Illuminance data from different daylight sources

Dear,

I am a student at the KULeuven and currently working on a master thesis about estimating the health effects of daylight in a room. So far, I've been using the program DIVA for Grasshopper (McNeel), which counts on Radiance for light calculations. However, I am unable to retrieve the data from it that need. I am therefore considering to dig a little deeper into the underlying commands, and start working in Radiance instead.

The main idea for the calculation is to weigh the values of the intensity measured inside to the spectral distribution of the light source (outside). I would like to approach this problem using the CIE illuminants for direct sunlight, cloudy sky and clear blue sky (as suggested by Mardaljevic et al., 2013). As an output of Radiance, I thus expect:
- illuminance values inside, resulting from direct sunlight only
- illuminance values inside, resulting from cloudy sky only
- illuminance values inside, resulting from clear blue sky only
- or, a way to retrieve the contribution of clouded/clear sky to the light coming from the sky dome, using a sky cover coefficient

Before I start my adventure in Radiance, I would like to know:
- is it possible to retrieve this kind of data from Radiance?
- how would you suggest doing this?

Thanks in advance,
Kind regards,

Andrea Laenens

Bonjour,

Je suis actuellement en vacances. Je serai de retour le 7 août 2017.

En cas d'urgence, vous pouvez toujours appeler le numéro général d'Estia : +41 (0) 21/510.59.59 ou envoyer un mail à l'adresse [email protected].

Pour toutes questions relatives à DIAL+, merci d'utiliser l'adresse mail [email protected].

Cordialement

Julien Boutillier
Estia SA

Hi Andrea,

If I understood your question correctly, I would say it is definitely
possible to get all that data from a Radiance Model and, after
understanding how the command line and Radiance programs work, should not
really be that hard.

The programs GENSKY allows you define CIE clear and overcast skies, and
even control the color of the sky and ignore the sun. You can always delete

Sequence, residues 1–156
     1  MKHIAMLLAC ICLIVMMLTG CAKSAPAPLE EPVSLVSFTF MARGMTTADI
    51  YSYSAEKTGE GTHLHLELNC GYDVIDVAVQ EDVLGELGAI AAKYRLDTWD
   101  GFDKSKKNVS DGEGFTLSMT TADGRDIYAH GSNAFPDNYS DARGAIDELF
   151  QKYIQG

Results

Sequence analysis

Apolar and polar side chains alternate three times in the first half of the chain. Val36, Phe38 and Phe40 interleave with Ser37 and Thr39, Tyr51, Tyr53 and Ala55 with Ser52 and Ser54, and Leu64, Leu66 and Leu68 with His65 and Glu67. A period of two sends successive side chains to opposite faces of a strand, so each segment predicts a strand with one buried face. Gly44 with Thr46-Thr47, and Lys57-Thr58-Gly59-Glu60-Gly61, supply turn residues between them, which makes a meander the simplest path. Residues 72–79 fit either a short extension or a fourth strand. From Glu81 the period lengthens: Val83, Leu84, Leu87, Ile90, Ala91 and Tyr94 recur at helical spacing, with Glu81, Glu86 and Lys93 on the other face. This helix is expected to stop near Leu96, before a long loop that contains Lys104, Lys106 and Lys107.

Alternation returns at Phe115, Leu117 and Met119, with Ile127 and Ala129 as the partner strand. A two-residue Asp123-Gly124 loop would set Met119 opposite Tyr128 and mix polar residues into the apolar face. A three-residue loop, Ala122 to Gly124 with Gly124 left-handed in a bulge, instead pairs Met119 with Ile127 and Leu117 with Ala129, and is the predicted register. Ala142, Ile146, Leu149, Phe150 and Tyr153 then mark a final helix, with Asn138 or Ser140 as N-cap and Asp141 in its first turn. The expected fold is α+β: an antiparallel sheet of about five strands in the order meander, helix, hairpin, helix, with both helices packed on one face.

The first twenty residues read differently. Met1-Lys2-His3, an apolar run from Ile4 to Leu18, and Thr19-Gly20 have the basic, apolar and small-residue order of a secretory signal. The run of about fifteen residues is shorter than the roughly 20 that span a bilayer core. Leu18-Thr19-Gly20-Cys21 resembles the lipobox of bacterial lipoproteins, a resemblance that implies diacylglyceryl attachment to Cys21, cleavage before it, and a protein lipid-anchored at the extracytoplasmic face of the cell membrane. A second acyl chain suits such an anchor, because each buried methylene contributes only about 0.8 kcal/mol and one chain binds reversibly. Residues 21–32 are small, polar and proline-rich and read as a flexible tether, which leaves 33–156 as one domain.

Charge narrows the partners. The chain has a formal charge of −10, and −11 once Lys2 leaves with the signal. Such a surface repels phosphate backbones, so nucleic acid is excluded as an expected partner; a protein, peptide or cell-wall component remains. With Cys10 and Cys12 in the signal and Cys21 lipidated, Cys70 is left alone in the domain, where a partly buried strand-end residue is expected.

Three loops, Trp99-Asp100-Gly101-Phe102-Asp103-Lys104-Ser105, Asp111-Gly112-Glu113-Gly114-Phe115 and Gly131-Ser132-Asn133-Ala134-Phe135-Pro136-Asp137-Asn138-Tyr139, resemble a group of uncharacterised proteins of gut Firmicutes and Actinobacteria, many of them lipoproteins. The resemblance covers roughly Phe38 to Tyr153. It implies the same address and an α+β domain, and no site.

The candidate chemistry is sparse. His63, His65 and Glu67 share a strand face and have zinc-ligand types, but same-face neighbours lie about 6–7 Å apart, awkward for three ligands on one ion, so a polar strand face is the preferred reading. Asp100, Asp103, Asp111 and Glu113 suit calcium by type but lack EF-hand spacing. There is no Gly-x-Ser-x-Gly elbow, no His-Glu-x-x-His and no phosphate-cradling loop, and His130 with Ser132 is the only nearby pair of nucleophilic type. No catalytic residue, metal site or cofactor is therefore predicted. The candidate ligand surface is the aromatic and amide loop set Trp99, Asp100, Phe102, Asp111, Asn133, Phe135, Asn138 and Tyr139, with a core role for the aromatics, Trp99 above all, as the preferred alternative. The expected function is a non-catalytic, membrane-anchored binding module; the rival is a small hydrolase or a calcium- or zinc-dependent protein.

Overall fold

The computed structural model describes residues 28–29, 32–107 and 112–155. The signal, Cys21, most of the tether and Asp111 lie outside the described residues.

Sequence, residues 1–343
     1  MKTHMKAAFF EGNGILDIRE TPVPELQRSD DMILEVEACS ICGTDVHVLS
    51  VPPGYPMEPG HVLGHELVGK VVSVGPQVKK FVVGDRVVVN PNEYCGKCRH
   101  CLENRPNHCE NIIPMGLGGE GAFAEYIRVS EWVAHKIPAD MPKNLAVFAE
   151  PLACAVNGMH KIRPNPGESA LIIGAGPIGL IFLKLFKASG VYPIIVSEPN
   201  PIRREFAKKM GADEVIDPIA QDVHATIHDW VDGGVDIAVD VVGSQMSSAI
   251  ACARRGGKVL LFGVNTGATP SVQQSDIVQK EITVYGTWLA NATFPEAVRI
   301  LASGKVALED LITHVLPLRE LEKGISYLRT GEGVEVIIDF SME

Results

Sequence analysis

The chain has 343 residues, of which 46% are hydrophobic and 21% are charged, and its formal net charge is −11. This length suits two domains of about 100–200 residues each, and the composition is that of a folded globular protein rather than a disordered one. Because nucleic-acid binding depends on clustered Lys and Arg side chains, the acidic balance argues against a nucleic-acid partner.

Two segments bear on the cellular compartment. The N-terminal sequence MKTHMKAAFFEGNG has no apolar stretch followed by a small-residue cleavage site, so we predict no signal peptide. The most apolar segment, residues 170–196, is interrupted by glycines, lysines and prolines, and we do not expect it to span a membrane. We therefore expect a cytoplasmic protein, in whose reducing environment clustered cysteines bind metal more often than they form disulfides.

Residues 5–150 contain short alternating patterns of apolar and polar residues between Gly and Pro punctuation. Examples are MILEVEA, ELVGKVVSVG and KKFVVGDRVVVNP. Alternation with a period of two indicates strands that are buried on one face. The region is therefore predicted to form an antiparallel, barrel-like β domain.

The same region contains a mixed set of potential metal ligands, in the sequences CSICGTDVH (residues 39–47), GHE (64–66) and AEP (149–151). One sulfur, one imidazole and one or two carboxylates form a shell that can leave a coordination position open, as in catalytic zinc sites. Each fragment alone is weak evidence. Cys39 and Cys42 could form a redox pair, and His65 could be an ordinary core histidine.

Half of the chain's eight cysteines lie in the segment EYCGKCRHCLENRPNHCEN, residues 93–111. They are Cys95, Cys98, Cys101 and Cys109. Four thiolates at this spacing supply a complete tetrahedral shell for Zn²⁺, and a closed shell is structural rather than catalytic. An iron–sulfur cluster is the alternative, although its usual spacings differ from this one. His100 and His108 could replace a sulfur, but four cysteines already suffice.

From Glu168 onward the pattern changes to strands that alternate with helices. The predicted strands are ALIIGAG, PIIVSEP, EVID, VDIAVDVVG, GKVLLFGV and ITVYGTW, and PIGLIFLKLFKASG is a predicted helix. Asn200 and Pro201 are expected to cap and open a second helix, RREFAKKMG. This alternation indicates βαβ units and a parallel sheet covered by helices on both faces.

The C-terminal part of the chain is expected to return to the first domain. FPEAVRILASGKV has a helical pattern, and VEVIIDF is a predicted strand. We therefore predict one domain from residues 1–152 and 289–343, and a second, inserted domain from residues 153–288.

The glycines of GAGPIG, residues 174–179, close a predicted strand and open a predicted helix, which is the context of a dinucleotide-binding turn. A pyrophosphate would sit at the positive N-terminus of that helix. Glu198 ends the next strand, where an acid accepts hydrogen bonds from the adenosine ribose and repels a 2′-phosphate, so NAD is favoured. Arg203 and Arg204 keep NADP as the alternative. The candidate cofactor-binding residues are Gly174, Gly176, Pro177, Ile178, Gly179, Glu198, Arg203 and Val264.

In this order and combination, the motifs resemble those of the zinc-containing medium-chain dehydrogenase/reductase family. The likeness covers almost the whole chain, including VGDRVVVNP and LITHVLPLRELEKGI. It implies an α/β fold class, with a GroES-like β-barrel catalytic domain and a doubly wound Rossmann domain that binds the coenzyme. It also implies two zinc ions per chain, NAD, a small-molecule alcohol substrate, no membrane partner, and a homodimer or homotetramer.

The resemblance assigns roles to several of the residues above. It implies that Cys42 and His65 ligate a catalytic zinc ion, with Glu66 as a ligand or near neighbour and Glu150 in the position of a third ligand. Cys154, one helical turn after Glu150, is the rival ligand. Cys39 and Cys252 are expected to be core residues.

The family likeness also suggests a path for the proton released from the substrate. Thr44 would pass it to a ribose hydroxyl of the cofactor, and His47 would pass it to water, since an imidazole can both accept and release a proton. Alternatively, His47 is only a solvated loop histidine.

the sky as well, and use a black (i.e. 0% reflection) model for calculating
the direct sunlight.

If you are going to perform static simulations (i.e. choosing a certain
date and time of the year), I would just use RTRACE program (I think Axel's
Radiance Cookbook has all the info you need to start doing all this). HINT:
You can use the XFORM "-m" option for transforming your model into a
completely black world.

If you are going to perform climate-based daylight simulations, well...
everything gets messier and requires a longer explanation. I would start by
going through the first couple of tutorials in the website in order to
understand how Radiance works.

Final comment + disclaimer: I am the developer of Groundhog, so I would use
that tool in order to create the model within SketchUp and export it to
Radiance. *However, I have not ever used another tool, so there may be
better ones out there.*

Kind regards

Germán

···

2017-07-08 11:56 GMT-04:00 Andrea Laenens < [email protected]>:

Dear,

I am a student at the KULeuven and currently working on a master thesis
about estimating the health effects of daylight in a room. So far, I've
been using the program DIVA for Grasshopper (McNeel), which counts
on Radiance for light calculations. However, I am unable to retrieve the
data from it that need. I am therefore considering to dig a little deeper
into the underlying commands, and start working in Radiance instead.

The main idea for the calculation is to weigh the values of the intensity
measured inside to the spectral distribution of the light source (outside).
I would like to approach this problem using the CIE illuminants for direct
sunlight, cloudy sky and clear blue sky (as suggested by Mardaljevic et
al., 2013). As an output of Radiance, I thus expect:
- illuminance values inside, resulting from direct sunlight only
- illuminance values inside, resulting from cloudy sky only
- illuminance values inside, resulting from clear blue sky only
- or, a way to retrieve the contribution of clouded/clear sky to the light
coming from the sky dome, using a sky cover coefficient

Before I start my adventure in Radiance, I would like to know:
- is it possible to retrieve this kind of data from Radiance?
- how would you suggest doing this?

Thanks in advance,
Kind regards,

Andrea Laenens

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